Monday, July 12, 2010

Monarch Butterflies & Disease

A fresh and healthy monarch is a beautiful treasure! But the life of a monarch butterfly isn't without its challenges. Predators abound as well as diseases. The most well known disease is Ophryocystis elektroscirrha, (O.e). It infects both monarch and queen butterflies.

O.e. is a protozoan parasite that must live in its host, the monarch or queen butterfly, to grow and multiply. The life cycle of O.e. mirrors that of the monarch. Spores are spread by an infected female monarch butterfly when she lays eggs and on the surrounding milkweed leaves. When the tiny caterpillar emerges it will eat its egg-sac then the nearby milkweed leaf, ingesting the spores. The dormant spores become activated in the caterpillars digestive tract. Once infected, butterflies do not recover. O.e. can cause smaller size, weak or severely deformed wing development and the inability to fully emerge from their chrysalis.

You can easily test a monarch butterfly for O.e. by swiping its abdomen with clear plastic tape, placing it on white index card, and examining it with a microscope. O.e. spores, when present, resemble small brown or black footballs. You can see photos of O.e. spores present with normal butterfly scales at this link:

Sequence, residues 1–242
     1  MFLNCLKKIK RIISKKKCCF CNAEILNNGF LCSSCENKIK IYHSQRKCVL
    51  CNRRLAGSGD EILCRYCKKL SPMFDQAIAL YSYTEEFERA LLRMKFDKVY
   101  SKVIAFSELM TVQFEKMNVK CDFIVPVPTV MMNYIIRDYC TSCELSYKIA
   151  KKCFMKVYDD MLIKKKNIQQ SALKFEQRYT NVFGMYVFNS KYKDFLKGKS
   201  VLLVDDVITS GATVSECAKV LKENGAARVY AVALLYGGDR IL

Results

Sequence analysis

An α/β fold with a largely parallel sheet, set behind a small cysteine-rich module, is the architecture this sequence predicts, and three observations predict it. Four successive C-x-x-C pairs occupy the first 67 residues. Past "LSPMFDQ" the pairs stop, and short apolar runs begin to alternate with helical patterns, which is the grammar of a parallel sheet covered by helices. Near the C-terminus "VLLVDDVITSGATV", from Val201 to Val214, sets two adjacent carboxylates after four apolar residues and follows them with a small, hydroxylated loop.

What is O.e.?

How many monarch butterflies are infect with O.e.? Studies by Dr. Sonia Altizer and her staff at the University of Georgia show the disease appears to be linked to how far monarch butterflies fly during their migration. Here is the rate of heavily infected monarch butterflies by population:
  • Eastern monarchs (East of the Rocky Mountains): 8%
  • Western monarchs (West of the Rocky Mountains): 30%
  • Year round monarchs (South Florida)  70%
What about O.e. in Arizona? We know from the Southwest Monarch Study that monarch butterflies here migrate to both Mexico and California. A few even spend the winter in the Phoenix area. Last January Bob and I tested two monarch butterflies nectaring near the Salt River by the small overwintering site at Rio Salado and they were both negative. In February I tested three monarchs at Desert Botanical Garden that also overwintered in the area and they also were negative. The numbers are too small to be significant, but they are hopeful. The test was confirmed by David Marriott of the Monarch Program in California.

Recently we tested the frail, weathered female monarch we spotted and tagged (325U) at Wenima Wildlife Area in Springerville, AZ on June 20. She also was negative for O.e. This is especially interesting since we don't know how she entered the state - was she flying north through Arizona, or did she come in from New Mexico? In the microphotograph on the right you can see normal butterfly scales only. Again, these numbers are too small to give a full picture, but they are a beginning piece of the puzzle to better understand monarch butterflies in Arizona.

MonarchHealth is looking for more citizen-scientists to test monarch butterflies for O.e. in Arizona and report their findings for further analysis. MonarchHealth provides a kit with detailed directions to sample 30 monarchs this season. To participate or for more information contact: monarch@uga.edu.

You can watch this video link to see how you can test monarch butterflies for O.e.:
Live Monarch O.e. testing

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